The Value of Christian Education

A Christ-centered education makes connections that no other type of education has the foundation to make. These connections are the key, not only for student success, but for real success in life!

 

What is Christian Education and why is it important? From much study and experience it seems that the real difference is the focus on character, the heart of the person, not just the brain or the thought processes. Character formation is integral to learning because a person of character is one that is prepared for life and finds real purpose in both learning and in serving others. As we prepare for life we need to see the big picture of what life is and how we fit in. We know that we have been created by God to be ‘image bearers’ (Genesis 1:26-27), this means we reflect the character of God; but sometimes we are able to reflect it more clearly than at other times. Rick Warren says:

God wants you to develop the kind of character described in the beatitudes of Jesus (Matthew 5:1-12), the fruit of the Spirit (Galatians 5:22-23), Paul’s great chapter on love (1 Corinthians 13), and Peter’s list of the characteristics of an effective and productive life (2 Peter 1:5-8).

 

But how can I develop this kind of character which is a real reflection of who God is and who He wants me to be? This is the essence of the Christian life and what God is constantly working toward through my walk with Him, through my relationships, through my family, through my church, through my daily circumstances, trials and learning experiences. This is preparing for life and living out my purpose! So the calling of the Christian school is to support both the family and the church in this process of understanding and applying Truth from a God-centered perspective!

Now, why doesn’t public education develop this character in our children? First of all, this character is not the stated goal of public education. Character is simply outside the scope of an academic approach to life where people “learn to earn”, although there are schools that attempt to address character without a biblical foundation. But more importantly, there are several conflicting issues in modern society which directly impact the public education environment: a disparity between religious belief and popular belief, a secular vs. sacred concept of life, relativistic morality, and the false assumption that some people have more value than others. These concepts can be summarized in the differences between a God-centered worldview and a self-centered worldview.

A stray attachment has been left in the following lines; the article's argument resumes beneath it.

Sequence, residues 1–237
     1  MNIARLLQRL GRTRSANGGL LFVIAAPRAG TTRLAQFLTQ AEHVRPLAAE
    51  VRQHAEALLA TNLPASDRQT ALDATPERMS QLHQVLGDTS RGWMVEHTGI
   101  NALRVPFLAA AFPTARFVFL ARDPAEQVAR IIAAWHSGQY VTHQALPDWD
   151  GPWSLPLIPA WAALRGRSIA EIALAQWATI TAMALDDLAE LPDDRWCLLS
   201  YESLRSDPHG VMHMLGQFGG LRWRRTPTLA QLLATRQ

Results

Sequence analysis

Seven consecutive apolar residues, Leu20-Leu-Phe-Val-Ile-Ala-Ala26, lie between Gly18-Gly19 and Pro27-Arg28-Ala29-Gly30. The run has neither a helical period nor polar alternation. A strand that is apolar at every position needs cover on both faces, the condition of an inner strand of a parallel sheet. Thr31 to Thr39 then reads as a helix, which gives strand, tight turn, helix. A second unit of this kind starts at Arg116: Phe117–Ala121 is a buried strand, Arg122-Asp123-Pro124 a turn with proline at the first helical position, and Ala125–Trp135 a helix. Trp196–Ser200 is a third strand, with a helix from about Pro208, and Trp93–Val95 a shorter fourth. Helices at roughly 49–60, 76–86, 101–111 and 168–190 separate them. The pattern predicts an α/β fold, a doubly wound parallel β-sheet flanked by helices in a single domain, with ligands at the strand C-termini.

In the self-centered worldview, I am my own purpose. I exist as a product of the chance fusion of genes from my parents. My character is formed by my circumstances and how I react to those circumstances based on my predisposition and my attitude. My choices are determined by what I think is best for me. Doing the right thing means doing what is right for me or maybe benefiting someone else (usually someone I value). If I am religious, I may make some choices based on how God may or may not punish me as a result, but the focus is still on my own well-being.

In a God-centered worldview, I exist for God’s purposes. I exist because God has planned for me to be born with certain genes in a certain place at a certain time. My character is formed because of the people that God puts in my life to teach and train me and I learn to recognize His hand in this process. Often my attitudes and actions do not reflect the character He desires, but I am learning to do this through the difficult things He brings my way. My choices are determined by what God says is best for me as I learn Truth from His Word and by His Spirit living in me. When I don’t make correct choices, I need to deal with the natural consequences and trust Him to use everything for His glory.

So the Christian school, ideally, has an approach to life and learning which results in beautiful and purposeful connections in the following areas:

  • God-centered education connects faith to life (God’s law is central to all learning and to all decisions because I know He desires what is best in the long term.)
  • God-centered education connects work to service and ministry (Work is a process of using what God has given me to bless and serve others, to care for His creation and to communicate a knowledge of Him.)
  • God-centered education connects morality to absolutes (Right and wrong is not determined by the limited scope of what is right for me or my community but because God is Holy and God is Good.)
  • God-centered education connects people to purpose (My life has purpose because I am part of His big plan. But, just as important, each individual around me has purpose too and our interactions need to communicate their God-given value!)

We can take a look at these connections in more detail later, because they are unique to the Christian school. But remember that we as parents and as teachers are an integral part of highlighting these connections in how we live and in how we teach. What a joy and privilege God has given us!

by Paul Madsen

 

 

 

 

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